Jeremy Corbyn was not a wholly unknown figure before this. His support for failed and failing revolutionary governments and movements around the world—failed only because the forces of capital had schemed to make them fail—and his appearances on Russian and Iranian TV, telling his hosts the things about the West they wanted to hear, had not gone unnoticed. But there was a plodding archaism about his ideology, suggestive of the crackling radio through which die-hard academic Marxists and Trotskyists of the 1930s took their cue from Moscow, that rendered it innocuous. Corbyn himself was no orator. His appeal—to those for whom he had appeal—was to speak as though from a position of justified weakness. Turn the sound down on his denunciations of oppression and he could have been propounding the virtues of veganism. Indeed, when interviewed in the run-up to his election, he seemed to prefer talking about the vegetables he grew on his allotment to expounding policy. Yes, he had been the chairman of Stop the War Coalition, a wrathful advocacy group that campaigned against whatever could be described as militarism or imperialism, and so had a lot to say about Israel, but it sometimes seemed that he was there in a grandfatherly capacity, to take the edge off its stridency.

It was only when he became leader of the party that a history of more sinister associations began to be publicly revealed. Though he was, when first challenged, unable to recall sharing platforms with representatives of Hamas and Hezbollah—men on whom he lavished praise and was unembarrassed to call comrades—his powers of recollection returned when photographs of these encounters appeared in newspapers. They were proof, Corbyn insisted, of his lifelong commitment to peace. If that explanation didn’t satisfy the Jewish community, it might have been because peacemakers can only be called peacemakers if they talk to all parties in a dispute, and photographs of Corbyn talking to senior Israelis are still to surface. These comrades weren’t confined to the Middle East. The IRA could also be numbered among those whose struggles he supported. But enemies of Israel, indeed it might be said enemies of Jews—since some didn’t scruple to deny the Holocaust or come up with new versions of the blood libel—figured with a disproportionate regularity.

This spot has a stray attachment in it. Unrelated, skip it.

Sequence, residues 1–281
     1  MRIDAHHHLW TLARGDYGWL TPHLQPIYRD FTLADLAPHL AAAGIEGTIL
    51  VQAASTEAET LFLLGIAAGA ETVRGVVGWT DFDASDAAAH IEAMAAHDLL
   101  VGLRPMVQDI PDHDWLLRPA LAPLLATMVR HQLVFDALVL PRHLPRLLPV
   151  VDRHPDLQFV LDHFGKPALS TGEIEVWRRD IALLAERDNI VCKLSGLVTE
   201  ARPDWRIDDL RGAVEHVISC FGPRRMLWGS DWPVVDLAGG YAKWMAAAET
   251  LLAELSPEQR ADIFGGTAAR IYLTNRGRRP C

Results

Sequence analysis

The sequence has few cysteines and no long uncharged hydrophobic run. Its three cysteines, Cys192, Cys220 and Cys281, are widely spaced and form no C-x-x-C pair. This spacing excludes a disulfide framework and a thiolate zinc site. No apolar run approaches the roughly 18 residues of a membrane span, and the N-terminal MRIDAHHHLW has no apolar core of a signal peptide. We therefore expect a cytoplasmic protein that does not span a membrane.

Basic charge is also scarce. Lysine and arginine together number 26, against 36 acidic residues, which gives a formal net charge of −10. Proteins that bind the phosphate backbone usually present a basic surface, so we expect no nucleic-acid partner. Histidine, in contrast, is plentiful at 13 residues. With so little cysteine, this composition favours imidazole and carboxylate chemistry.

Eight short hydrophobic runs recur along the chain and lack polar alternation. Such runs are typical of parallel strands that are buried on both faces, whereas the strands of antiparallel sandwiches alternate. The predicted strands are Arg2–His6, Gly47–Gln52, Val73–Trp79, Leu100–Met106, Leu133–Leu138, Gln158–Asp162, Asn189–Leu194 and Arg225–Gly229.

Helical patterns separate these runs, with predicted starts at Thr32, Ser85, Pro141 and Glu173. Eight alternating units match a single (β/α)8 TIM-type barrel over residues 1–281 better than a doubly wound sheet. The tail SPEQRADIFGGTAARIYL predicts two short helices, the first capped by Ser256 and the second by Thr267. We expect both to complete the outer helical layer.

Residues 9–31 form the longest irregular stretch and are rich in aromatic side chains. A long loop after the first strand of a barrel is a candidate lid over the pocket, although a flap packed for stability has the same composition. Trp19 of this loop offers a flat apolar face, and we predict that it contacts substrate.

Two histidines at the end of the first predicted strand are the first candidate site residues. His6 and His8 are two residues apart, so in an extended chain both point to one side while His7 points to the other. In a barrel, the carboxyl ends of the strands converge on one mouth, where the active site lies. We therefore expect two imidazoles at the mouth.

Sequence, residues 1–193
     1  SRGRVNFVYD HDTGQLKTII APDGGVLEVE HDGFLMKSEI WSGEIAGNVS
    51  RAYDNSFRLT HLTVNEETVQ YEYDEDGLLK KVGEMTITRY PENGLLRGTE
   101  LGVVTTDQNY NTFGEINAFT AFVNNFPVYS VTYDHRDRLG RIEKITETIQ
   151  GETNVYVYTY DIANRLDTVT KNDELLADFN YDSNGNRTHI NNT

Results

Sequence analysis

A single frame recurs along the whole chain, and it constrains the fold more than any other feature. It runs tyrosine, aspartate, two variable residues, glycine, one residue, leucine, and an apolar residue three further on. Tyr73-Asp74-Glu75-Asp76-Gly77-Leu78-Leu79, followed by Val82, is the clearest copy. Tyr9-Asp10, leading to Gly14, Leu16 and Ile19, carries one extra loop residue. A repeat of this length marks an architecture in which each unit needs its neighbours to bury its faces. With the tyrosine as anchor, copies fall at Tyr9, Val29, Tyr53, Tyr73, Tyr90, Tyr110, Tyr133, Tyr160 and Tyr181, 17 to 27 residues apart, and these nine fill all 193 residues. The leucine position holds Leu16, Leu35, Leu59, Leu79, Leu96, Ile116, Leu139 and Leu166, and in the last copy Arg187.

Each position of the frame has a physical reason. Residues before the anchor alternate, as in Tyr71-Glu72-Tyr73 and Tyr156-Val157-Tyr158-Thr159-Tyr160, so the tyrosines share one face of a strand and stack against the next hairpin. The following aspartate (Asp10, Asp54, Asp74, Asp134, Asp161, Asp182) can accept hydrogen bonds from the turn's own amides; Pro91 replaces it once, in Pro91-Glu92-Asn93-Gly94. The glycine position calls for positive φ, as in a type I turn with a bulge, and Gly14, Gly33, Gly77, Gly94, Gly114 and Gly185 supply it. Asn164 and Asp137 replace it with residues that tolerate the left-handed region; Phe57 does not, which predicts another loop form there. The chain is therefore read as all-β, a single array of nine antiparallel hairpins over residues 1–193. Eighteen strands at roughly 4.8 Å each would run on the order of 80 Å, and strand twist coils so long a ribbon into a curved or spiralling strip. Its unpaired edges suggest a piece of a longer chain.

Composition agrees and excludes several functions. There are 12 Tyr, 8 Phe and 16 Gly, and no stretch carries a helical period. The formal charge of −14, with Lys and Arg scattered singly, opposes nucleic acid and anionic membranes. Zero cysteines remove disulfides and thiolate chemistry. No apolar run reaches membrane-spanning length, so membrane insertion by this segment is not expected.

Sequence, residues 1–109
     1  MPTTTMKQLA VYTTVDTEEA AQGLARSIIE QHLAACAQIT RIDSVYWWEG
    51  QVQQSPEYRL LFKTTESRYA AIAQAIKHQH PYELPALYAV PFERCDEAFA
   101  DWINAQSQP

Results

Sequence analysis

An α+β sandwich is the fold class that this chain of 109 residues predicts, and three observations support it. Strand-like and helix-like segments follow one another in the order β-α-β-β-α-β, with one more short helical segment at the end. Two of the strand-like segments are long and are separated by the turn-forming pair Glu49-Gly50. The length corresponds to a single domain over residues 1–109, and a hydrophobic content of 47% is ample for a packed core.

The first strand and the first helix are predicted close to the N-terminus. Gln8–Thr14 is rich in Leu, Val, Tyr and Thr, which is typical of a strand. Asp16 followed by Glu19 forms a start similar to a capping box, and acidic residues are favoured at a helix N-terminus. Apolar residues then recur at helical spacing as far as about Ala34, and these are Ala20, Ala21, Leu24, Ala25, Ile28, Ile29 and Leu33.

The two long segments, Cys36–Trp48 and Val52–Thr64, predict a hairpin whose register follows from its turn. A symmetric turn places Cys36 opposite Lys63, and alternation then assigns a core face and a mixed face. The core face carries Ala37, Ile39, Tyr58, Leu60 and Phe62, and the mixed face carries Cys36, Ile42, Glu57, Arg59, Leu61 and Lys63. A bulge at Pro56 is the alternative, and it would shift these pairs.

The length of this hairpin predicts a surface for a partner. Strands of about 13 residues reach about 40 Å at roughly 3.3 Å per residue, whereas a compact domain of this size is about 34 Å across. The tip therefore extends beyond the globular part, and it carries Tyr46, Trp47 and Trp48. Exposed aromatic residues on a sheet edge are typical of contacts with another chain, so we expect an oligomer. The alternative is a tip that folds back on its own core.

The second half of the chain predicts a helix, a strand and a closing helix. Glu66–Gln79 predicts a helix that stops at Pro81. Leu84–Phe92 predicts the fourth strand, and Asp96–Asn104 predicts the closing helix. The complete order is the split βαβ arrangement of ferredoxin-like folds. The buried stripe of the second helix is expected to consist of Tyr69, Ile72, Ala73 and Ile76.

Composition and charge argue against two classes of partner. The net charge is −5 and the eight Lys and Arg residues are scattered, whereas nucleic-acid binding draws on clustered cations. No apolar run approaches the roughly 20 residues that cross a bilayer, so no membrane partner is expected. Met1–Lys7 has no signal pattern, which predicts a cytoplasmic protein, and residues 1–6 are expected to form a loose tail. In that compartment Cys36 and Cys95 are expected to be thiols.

Still, Corbyn was allowed the benefit of the doubt. Out-and-out anti-Zionism was a given of left-wing politics everywhere in Europe, reiterated so routinely that it functioned more as a shibboleth than a program. Say you hated Israel, and no door was closed to you. It would have been asking a lot of Corbyn, even when he became leader of the party, to find a more conciliatory tone. It would have been asking still more to let the word Israel escape his lips. Challenged at a public meeting to speak it, he turned his face away. Palestine was the nearest he got.

There are Jews, of course, who share his distaste for Zionism. Those who didn’t said their prayers and agreed to one of those demeaning compacts that minorities must make the world over: “We’ll let you say this about us on the understanding that you won’t say that.” Zionism was the burnt offering. Roth would have been amused.

Anti-Zionism can be anti-Semitism–free, but its exponents need to keep their wits about them. There usually comes a moment when a little Jew-hatred starts leaking out. And it wasn’t long into Corbyn’s leadership before the bargain—that Labour could have anti-Zionism, so long as it remained strictly what it called itself—showed signs of fracturing.

A Labour MP suggested shipping all Israeli Jews to America. The vice chair of the Labour steering group Momentum accused Jews of financing the slave trade. A member of the party’s executive committee questioned the numbers killed at Auschwitz. Jewish Labour MPs became the objects of hate mail from the party’s grassroots. One was referred to as the MP for Tel Aviv. Ken Livingstone, once the mayor of London and a close ally of Corbyn, quoted from a book he’d read that proved Hitler was a Zionist; it was only when he “went mad” that Hitler turned to gassing. Some men should never be allowed to read a book. Livingstone cited it at every opportunity, seemingly to the embarrassment of the Labour Party, though one couldn’t be entirely sure. Maybe others in the party had read the same book. It took an age for Livingstone to be disciplined, while similar instances of maybe–anti-Semitism were tossed into a drawer marked To Do and left there. As for Corbyn himself, while it was his apparent blindness to anti-Semitism rather than its promulgation that was causing concern, that blindness had sooner or later to account for itself.